According to Mike Collar, the fireworks business “gets in your blood.”
Mike’s brothers John and David got into the industry as teenagers, working at a stand in Pittsburg. In 1979, they incorporated as Winco Fireworks.
Today, the company, with headquarters in Prairie Village, is a multimillion dollar business that sells its products in more than 40 states. Winco has 300 full-time employees and adds 2,000 seasonal workers in summertime.
A Family Business
Mike Collar, who runs Winco’s day-to-day operations as president and COO, said he grew up in the business that his older brothers started. He worked at the stands part-time in summers and on breaks for years.
The brothers work well together because they all respect each other’s roles, Collar said. And that’s not his only family he sees at work—his sister, sister-in-law, nieces and nephews work at Winco. So does his wife, Theresa Collar, who is director of imports.
“We work together and commute together, and we’re still married,” Mike Collar joked.
Even the fireworks industry is like a family, Collar said. There’s a small core of wholesale fireworks distributors like Winco, so everyone in the business knows each other, he said, and many customers are mom-and-pop shops.
A Unique Business
What’s challenging about the fireworks business, Collar said, is its short season.
For most of the country, prime time for fireworks is May through July; in southern states, there’s also a winter season around the holidays.
Being ready for a short season means planning ahead is crucial, Collar said. And, unlike distributors in other industries, Winco stockpiles supplies.
“There’s no way you can do just-in-time,” he said. “You’ve got issues with production, issues with transportation—you could have a strike on the coast, and we’ve all seen that happen. So, consequently, we have to bring product in as early as we possibly can.”
But even when the products arrive in time, there’s another factor that can upend Winco’s careful planning: the weather.
“The only thing that hurts fireworks business is drought—if it’s dry, you can’t shoot fireworks,” Collar said.
In 2012, drought affected about 65 percent of Winco’s territory, he said. Some of its customers couldn’t pay because they couldn’t sell the products. That prompted Winco to become more proactive.
Now, the company works with Weather 2020—founded by meteorologists Gary Lezak and Jeff Penner—to get extended forecasts nationwide. Winco can use the weather data to counsel customers in drought-prone areas to adjust orders.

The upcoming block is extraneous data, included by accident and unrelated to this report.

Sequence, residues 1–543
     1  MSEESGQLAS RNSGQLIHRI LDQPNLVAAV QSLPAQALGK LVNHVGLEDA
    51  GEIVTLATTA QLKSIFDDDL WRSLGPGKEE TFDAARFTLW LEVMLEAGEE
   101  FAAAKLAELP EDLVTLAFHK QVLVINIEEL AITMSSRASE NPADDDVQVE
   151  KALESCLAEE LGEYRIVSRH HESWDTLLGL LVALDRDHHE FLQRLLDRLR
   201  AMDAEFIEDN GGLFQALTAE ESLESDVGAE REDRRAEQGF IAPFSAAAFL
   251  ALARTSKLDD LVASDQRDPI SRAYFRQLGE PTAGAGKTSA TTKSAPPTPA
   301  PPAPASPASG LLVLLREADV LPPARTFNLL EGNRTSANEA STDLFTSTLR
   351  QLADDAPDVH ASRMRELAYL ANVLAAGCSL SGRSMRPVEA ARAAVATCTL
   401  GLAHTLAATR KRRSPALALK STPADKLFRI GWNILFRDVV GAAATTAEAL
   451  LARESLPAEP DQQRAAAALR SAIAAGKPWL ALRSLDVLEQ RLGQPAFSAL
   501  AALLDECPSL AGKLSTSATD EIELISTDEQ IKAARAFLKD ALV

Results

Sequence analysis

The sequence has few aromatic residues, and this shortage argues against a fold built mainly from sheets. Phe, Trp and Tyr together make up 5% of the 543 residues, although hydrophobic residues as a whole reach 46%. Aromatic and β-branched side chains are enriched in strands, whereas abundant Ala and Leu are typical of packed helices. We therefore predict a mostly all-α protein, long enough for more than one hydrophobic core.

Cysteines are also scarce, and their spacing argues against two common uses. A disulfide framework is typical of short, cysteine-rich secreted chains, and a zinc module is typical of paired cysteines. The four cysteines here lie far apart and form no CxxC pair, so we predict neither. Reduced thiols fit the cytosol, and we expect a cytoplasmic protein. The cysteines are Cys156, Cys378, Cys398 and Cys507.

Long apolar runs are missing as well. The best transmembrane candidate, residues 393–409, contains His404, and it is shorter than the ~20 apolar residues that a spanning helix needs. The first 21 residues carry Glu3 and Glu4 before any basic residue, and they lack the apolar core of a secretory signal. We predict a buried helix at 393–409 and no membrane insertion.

An Innovative Business
Even though Winco’s success relies on nearly ancient technology—fireworks have been around for thousands of years—it’s not resting there.
Winco has partnered with Kevin Wu to provide a new product that fuses fireworks—many of which are still made by hand, Collar pointed out—and mobile technology.
Wu, who is from Hong Kong, said his family’s history in the industry goes back to the 1800s. But the millennial inventor (who said he was not a fan of fireworks, despite growing up with them), saw an opportunity to innovate.
FireFly allows the home enthusiast to create a fireworks show that can even be set to music through a mobile app. The device is a square box with the ability to plug in wires that remotely light the fuses of various fireworks.
In addition to bringing an age-old product into the 21st century, Collar sees incredible value in the FireFly from a safety perspective. He’s involved in industry associations that are “working to make things safer and better,” and FireFly fits that to a tee, Collar said.
“We consider our company very innovative … so this is right up our alley. But the biggest thing was we thought this is going to revolutionize the industry,” he said. “It’s not going to happen overnight. There’s that legacy to overcome, and it will take some years to get that happening, but the buzz on this product is big time, and it’s just going to make a safer firework.
“I think this really promotes safety, and that’s what excites us about it.”